We had a fun evening - caught up on the gossip while sipping cocktails and champagne at mine before hitting up three different bars along with Charlie. I got into another argument with a French guy. Sigh, seriously, even I'm getting tired of fighting with French men, why can't we just get along? Actually, I got into a minor disagreement with one who, in the middle of chatting up my friend, poked me on the breastbone to tell me that he could see the safety pin that was holding my dress together in the front (then stop looking down my dress maybe? I probably need a smaller safety pin, but that's neither here nor there), and then later I had a HUGE fight with an old man.
I'm not a crazy person though, it was totally justified. I was standing next to him at the bar, talking to my friends. He grabs my arse, and I barely even reacted, just like "don't touch me". And then I had my eye on him, so a little bit later out of the corner of my eye I see him going for it again, so I put my hand down next to my side and grabbed his wrist. And then what really made me absolutely furious was that he denied it! I almost literally caught him red-handed! He was all "how could you say that, I would never do such a thing", and I completely flipped my lid at him. If nothing else, I'm proud that my French skills have progressed to the point that I can shout "casse-toi, vieux connard" at a dirty old pervert in a bar at 4 in the morning. Quite cathartic.
I swear to god though, I know there are bad apples everywhere, but I've had it up to here with all these French men who think they're entitled to comment on what you're wearing or yell things at you or touch you. We're going out for Halloween next Wednesday, so I pinkie swear I'm taking this weekend off and staying in, watching the F1, maybe buying myself some winter boots. (I really really need them cos mine have holes in both the toes, but waiting to see what's left in the bank at the end of the month. I'm like a raggedy Victorian orphan, ha ha.)
Anyway, on to happier subjects, I got woken up on Sunday morning (grumble grumble) by a text inviting me out to a last-minute wine and cheese tasting tour (yay) with my friend Philippa and a visitor from Australia, Zach. Our first stop was a goat farm in Sainte-Maure-de-Touraine, where we sampled four varieties - fresh, semi-dry, dry and very dry - of the eponymous cheese. I love Sainte-Maure cheese, it's very yummy. I'd only had the fresh and semi-dry before, and the intensity of flavour of the other two was a big surprise! The very dry variety is almost spicy, it's so strong, and the flavour stays with you for quite some time! It's also very dry in texture, not at all soft and creamy. I liked all of them, but my favourite was probably the demi-sec, so I bought a roll of that (for about 2€ cheaper than it would be in a supermarket).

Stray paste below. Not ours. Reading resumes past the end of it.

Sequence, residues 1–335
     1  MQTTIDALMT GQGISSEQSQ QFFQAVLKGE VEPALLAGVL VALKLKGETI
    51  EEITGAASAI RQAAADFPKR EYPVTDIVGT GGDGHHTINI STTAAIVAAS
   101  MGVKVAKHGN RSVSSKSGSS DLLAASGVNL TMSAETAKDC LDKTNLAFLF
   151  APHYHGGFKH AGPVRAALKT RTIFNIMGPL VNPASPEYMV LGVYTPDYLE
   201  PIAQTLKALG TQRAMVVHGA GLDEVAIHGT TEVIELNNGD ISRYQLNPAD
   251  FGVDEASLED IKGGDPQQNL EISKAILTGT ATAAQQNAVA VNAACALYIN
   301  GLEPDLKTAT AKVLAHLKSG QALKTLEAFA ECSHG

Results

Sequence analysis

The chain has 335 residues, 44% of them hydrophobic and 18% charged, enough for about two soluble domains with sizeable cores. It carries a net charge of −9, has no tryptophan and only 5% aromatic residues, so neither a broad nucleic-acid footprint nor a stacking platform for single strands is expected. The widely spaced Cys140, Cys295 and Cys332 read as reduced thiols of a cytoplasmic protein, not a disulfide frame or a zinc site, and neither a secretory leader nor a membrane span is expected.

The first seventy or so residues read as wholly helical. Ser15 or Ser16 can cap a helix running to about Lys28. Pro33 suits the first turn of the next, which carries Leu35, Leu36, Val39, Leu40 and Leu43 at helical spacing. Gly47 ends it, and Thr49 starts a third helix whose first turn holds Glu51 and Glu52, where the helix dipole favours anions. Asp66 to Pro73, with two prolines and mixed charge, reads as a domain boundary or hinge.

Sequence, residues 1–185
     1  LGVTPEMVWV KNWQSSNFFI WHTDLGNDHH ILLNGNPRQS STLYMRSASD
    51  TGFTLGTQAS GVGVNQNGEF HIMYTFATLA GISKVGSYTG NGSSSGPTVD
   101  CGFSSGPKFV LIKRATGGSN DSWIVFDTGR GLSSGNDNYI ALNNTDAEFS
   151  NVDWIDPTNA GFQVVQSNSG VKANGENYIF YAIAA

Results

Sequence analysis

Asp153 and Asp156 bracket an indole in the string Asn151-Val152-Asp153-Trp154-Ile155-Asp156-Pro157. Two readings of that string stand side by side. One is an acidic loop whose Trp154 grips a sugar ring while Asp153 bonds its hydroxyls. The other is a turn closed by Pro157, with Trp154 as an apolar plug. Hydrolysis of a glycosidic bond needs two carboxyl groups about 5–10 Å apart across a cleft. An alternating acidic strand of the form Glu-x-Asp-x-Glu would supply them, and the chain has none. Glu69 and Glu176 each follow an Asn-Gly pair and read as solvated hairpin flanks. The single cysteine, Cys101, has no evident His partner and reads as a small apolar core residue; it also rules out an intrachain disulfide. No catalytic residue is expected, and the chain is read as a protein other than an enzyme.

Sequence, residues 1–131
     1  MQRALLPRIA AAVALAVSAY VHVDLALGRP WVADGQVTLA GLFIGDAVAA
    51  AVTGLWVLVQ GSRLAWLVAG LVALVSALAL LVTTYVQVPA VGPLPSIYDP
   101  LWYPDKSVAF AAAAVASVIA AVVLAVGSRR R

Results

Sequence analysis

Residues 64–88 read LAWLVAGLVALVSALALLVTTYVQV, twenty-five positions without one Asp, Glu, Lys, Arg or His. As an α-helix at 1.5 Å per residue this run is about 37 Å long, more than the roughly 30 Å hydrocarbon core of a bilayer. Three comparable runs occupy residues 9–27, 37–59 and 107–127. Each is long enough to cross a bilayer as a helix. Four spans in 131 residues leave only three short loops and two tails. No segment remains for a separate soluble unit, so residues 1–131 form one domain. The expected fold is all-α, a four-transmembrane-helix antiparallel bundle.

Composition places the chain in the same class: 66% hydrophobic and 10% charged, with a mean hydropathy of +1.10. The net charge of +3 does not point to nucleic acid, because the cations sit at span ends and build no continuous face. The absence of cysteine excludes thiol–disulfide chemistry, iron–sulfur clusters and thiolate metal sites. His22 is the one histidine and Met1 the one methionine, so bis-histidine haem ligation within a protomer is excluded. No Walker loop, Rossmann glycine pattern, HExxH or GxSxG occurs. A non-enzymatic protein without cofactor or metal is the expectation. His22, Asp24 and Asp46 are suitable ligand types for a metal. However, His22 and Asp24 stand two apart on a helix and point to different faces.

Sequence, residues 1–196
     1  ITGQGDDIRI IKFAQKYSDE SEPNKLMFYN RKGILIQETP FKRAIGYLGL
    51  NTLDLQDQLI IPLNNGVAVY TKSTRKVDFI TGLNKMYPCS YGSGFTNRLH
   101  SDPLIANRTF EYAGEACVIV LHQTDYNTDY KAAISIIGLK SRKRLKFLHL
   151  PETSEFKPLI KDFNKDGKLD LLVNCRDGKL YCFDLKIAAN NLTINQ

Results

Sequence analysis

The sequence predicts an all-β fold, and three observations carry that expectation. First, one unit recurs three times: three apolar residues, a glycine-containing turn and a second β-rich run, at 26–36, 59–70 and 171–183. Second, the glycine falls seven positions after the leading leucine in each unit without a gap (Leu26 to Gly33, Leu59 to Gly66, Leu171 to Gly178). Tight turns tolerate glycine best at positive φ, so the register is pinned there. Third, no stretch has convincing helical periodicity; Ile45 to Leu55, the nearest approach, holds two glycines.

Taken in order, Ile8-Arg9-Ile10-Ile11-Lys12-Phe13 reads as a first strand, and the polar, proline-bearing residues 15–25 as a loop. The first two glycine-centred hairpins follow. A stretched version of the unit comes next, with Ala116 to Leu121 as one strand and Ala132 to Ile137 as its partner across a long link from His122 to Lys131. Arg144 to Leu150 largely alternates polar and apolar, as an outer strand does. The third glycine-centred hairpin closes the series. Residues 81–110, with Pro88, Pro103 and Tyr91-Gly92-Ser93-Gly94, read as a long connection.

Sainte-Maure is pretty much a one-horse town as far as we could tell, so we went straight on to Chinon after the cheese farm. We stopped just outside Chinon at a winery offering dégustations. We were a bit confused about where to go once we got into the place, as there was basically a barn and an open door leading into what looked like someone's living room (with two very cute cats on the steps). While we were wondering, some people who were obviously friends of the family turned up and found the vintner for us. With hindsight, I think we must have delayed the start of Sunday lunch, because it was about 1 pm. Sorry!
He was very nice though, and ushered us into a barn for the most sophisticated wine-tasting you're ever likely to find. Philippa was driving, so I asked if there was a crachoir she could spit into. Much to our amusement, he said she could spit into the drain running behind the barrel! Think on that the next time you're around wine snobs... (PS she's much too refined to spit in a drain on a barn floor, she just had a sip of each.)
|Small-scale wine-making. The barrel represents the "salon de dégustation"|
We continued on our merry way to Chinon, and stopped off first at the Couly-Dutheil wine tasting rooms. I was dying for the loo, but Philippa assured me that they had a bathroom I could use, since she'd been there with her parents the weekend before. However, the door was locked and the wine tasting lady earned my undying hatred by acted all shocked that I dared to ask about using the facilities and made us go across the street and up the hill to the chateau in the pouring rain to use theirs. She also made some kind of snobby remarks about people who "didn't know what they were doing" buying wines to store - apparently if you know what you're doing, you have to buy a case and drink one every year to see the evolution of the wine. (By undying hatred, I mean I vowed to seek revenge by tasting her wines without purchasing any. I've had Couly-Dutheil wines before and they are quite nice, but they started at about 8€ a bottle, so this wasn't a huge hardship.) I don't know if this post is reflecting very well on me - I'm really quite mild-mannered, I promise.
Oh, I just read on the internet that there is a bit of a family feud between the Couly-Dutheil and Pierre & Bertrand Couly winemakers. My sister and I visited P&B Couly back in 2010 and enjoyed the wines we had there very much, so with that and the snobbish salesperson, you can put me down on Team Pierre & Bertrand. The t-shirt to that effect is being designed as we speak.
|View of Chinon castle from inside the Couly-Dutheil tasting room|
|Moi in Chinon|
|The Vienne river, lined with scary spider-harbouring trees|